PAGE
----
Monday, June 3, 2013

Shoes of the Dead..

If there has to be one word to describe this piece of literature it is 'Captivating'. I cannot thank Blogadda enough to present me this opportunity to review this book. The genre is a refreshing change from all the rom-coms the new age Indian authors are coming up with. The way the details are presented in such an articulate fashion would make even the best in the business proud! 
The story of a farmer, who succumbs to the pressures of life, crushed by successive crop failures and the burden of debt, and finds death to be the easier way out. As fate would have it, the powerful district committee of Mityala routinely dismisses the suicide and refuses compensation to his widow.
Gangiri, the farmer's brother, who fights for justice to his brother’s widow is the main protagonist of the story, while Keyur Kashinath, The antagonist of the Democratic Party.
The tone of the book is highly empathetic and it seems to have a heart of its own. The brilliant farmer battles his inheritance of despair, the arrogant politician fights for the power he has received as legacy. Their two worlds collide in a conflict that pushes both to the limits of morality from where there is no turning back. At stake is the truth about ‘inherited’ democratic power. And at the end, there can only be one winner. Passionate and startlingly insightful, Shoes of the Dead is a chilling parable of modern-day India.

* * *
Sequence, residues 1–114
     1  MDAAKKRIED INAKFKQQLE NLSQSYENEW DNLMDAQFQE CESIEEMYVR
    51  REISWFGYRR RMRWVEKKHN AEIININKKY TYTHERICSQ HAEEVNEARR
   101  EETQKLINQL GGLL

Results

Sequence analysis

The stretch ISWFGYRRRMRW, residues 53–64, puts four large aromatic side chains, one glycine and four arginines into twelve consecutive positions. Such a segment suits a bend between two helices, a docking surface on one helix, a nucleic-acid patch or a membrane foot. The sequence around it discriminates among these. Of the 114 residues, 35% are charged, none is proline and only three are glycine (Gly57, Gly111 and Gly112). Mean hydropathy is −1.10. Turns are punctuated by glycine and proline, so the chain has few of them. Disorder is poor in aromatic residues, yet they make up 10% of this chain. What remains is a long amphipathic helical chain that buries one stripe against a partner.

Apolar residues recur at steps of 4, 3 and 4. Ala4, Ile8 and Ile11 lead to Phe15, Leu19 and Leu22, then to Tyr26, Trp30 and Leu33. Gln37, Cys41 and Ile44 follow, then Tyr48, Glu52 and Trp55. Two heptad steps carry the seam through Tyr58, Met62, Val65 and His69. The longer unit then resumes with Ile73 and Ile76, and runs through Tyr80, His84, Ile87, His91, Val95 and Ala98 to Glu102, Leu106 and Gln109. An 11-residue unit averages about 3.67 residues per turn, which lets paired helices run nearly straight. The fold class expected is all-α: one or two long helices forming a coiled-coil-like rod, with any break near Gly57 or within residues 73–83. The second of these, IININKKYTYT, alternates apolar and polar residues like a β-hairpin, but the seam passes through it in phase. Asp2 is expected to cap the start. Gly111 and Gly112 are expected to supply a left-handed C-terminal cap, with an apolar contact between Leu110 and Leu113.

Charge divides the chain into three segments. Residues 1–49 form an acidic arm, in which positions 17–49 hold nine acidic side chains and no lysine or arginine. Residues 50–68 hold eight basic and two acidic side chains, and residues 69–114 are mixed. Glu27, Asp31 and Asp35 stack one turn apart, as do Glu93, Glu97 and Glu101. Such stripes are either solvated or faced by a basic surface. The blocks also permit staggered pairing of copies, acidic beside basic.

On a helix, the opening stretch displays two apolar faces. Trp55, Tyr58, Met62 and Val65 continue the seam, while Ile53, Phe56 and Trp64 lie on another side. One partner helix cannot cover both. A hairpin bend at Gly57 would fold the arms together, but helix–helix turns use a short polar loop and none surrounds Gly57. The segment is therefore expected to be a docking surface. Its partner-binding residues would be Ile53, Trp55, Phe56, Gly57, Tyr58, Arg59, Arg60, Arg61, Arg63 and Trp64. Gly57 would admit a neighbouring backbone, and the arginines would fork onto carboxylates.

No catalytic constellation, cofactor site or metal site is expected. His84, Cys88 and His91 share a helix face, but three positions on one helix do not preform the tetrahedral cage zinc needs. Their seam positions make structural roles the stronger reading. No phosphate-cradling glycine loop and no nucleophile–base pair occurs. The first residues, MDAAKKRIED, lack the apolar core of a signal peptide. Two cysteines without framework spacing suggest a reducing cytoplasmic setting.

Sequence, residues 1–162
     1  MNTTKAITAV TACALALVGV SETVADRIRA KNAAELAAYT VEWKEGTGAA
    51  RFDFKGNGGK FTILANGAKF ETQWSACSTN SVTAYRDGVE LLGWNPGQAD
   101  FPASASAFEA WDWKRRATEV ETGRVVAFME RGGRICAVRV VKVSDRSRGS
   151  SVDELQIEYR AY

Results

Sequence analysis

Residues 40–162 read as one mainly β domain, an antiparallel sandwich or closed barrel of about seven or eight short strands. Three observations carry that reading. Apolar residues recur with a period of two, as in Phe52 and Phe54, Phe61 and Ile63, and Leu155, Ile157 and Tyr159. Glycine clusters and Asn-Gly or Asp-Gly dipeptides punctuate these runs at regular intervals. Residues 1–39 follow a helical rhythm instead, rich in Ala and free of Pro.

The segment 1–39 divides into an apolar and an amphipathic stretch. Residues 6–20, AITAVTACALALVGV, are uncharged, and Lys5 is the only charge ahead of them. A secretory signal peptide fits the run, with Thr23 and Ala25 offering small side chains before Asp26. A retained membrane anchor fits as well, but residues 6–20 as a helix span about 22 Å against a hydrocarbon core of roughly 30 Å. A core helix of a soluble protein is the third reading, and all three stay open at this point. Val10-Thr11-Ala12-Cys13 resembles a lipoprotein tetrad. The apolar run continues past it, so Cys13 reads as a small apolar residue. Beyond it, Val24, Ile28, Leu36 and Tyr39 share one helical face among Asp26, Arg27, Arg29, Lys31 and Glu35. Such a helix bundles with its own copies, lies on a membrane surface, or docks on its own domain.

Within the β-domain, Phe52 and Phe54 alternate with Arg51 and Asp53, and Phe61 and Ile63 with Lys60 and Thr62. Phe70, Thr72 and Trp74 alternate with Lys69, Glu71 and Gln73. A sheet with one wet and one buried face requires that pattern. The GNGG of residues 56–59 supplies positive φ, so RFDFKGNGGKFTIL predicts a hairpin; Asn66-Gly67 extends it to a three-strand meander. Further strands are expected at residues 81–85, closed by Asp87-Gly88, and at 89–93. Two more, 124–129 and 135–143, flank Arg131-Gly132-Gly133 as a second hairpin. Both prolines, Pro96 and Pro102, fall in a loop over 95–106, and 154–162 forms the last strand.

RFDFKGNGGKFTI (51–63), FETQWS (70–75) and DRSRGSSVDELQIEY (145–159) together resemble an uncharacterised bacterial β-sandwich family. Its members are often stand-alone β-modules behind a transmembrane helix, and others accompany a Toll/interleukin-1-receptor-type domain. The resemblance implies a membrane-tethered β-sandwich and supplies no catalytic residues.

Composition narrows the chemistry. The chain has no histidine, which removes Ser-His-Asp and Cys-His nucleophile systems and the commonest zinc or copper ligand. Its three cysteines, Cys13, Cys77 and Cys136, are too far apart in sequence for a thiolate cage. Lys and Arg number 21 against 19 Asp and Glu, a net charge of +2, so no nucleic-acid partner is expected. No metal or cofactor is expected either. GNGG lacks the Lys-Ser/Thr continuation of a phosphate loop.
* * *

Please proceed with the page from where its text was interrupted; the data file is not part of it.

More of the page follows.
One of the lines which struck me was "Where booked enjoyed better air conditioning than half of country's population" "Where family of dead farmer owned land, compensation was denied, so that family is forced to sell off land, where they had no land, compensation was granted so that debt could be repaid in cash".
The cover of the book and the sepia adds to the grave tone which is very well complemented with the narration. This sort of humane rendition to the characters and the storyline makes the narration effective and easy to understand. The dilemmas associated with pride and poverty are very well-sketched. The dilemmas faced by committees and the discomfort faced by people are also nicely done. This is a piece that will make you amble through the corridors of power and politics of India along with a perfect portrayal of how its consequences creep into the lives of the farmers forcing them to commit suicide.
This review is a part of the Book Reviews Program at Participate now to get free books!

Signing Off,


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